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Kellen Love
04-30-2009, 09:19 PM
I've been on cathletics for awhile but I'm a newbie to strongman so please be gentle. I believe I have the frame and genetic potential for strongman, and I want to get into it. My only experience is watching the world's strongest man on espn for like the last ten years. My question is how do I get into it? Where do I go about finding a coach or someone to guide me? How do I start training (besides the obvious of lifting heavy as hell)? Any help is appreciated, I'm green as hell going into this thing, but I think I could really be good. Thanks to all.

Kellen Love
05-01-2009, 12:00 PM
I apologize, I didnt see the other beginner threat. I'll just go off of that, and tried and get together with a training crew. If anyone has any other advice it'd be appreciated.

Allen Yeh
05-01-2009, 04:18 PM
Saw this today over at Diesel Crew. Looks fun.
http://www.dieselcrew.com/strongman-training-workout-guest-blog-post-joe-hashey/

Garrett Smith
05-01-2009, 04:41 PM
I found this:
http://ezinearticles.com/?How-To-Start-Training-For-Strongman-Competitions&id=485551

I would think that once you have some OL and/or PL meets under your belt that transitioning to strongman comps would be much easier. I say OL and PL first simply because they are "known" and easier to prepare for...

Don Stevenson
05-02-2009, 12:34 AM
The best way to get into strongman is to find a crew and get training.

Strongman is an interesting sport in that most competitors don't have coaches and just tend to share training info amongst the group, learning from the more experienced guys and figuring things out through trial and error.

It's a good idea to build a solid base of strength with particular emphasis on the following lifts

Deadlift, squat, overhead press, heavy planks and other core work, bench press.

once you've done that stuff for a while you can start to add in fundamental strongman lifts like

Farmers walk - initially with dumbells or kettlebells then transition to farmers bars
Clean and press - initially with a barbell and then with axle, log or other odd object
Tyre flip
Sled Drag - heavy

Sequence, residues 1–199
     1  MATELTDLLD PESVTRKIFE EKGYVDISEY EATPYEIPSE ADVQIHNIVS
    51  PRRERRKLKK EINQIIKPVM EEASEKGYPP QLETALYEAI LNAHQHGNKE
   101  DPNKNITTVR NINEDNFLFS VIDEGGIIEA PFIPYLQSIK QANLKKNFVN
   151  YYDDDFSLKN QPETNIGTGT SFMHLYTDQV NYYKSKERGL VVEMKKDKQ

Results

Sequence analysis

deadlift for reps
Stones - probably the hardest bit of gear to find/make so try to find people that have them already.

Lots of strongman gear can be made on the cheap or found for free so start hunting around.

If you can find a group to train with they'll start to clue you in on the little stuff like how to pick up farmers bars properly, how not to snap in half doing log clean etc etc.

Then you can try to find a small comp (our training group runs our own and invites first timers to come along) the progress to a state or regional meet and from there you are on your way.

Kellen Love
05-04-2009, 12:40 PM
Thank you all for your responses. I really appreciate it. They're all great.

Jacob Rowell
05-07-2009, 08:15 PM
Kellen,

A few days late, but just to add my opinion...


The most important thing, is to find a way to get your hands on the strongman implements. Logs, Stones, and Farmers are always incredibly popular. There's ways to simulate the events without the actual equipment, but it is always going to be second rate.

I would say that your training going to strongman isn't nearly as important as just beginning to train the events with proper equipment. My last contest, one of the guys towards the bottom half of the pack congratulated me for doing well. He told me he was a powerlifter, with a best total of 1700. I beat him by 6 places, and I might total 1100 on a good day.

I would certainly do better if I could add 100 pounds to each of my lifts, but the idea here isn't just to be strong, but to be good with the events. SM also incorporates elements of not just absolute strength, but strength endurance, anaerobic capacity, speed, and good kinesthetic awareness doesn't hurt either.